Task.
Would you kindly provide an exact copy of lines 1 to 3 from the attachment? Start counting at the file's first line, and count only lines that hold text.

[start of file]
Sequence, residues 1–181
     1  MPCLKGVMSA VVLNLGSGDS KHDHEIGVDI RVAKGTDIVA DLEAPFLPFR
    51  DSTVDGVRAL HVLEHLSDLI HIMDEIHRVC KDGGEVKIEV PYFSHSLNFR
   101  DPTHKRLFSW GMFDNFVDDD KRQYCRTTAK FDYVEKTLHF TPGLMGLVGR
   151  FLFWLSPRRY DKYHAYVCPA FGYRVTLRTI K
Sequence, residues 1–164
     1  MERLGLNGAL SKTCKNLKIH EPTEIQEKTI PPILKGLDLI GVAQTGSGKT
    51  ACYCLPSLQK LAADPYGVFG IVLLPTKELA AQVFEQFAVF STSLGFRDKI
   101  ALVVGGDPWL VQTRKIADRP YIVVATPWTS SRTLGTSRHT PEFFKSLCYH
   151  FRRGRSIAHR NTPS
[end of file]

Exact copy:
Sequence, residues 1–181
     1  MPCLKGVMSA VVLNLGSGDS KHDHEIGVDI RVAKGTDIVA DLEAPFLPFR
    51  DSTVDGVRAL HVLEHLSDLI HIMDEIHRVC KDGGEVKIEV PYFSHSLNFR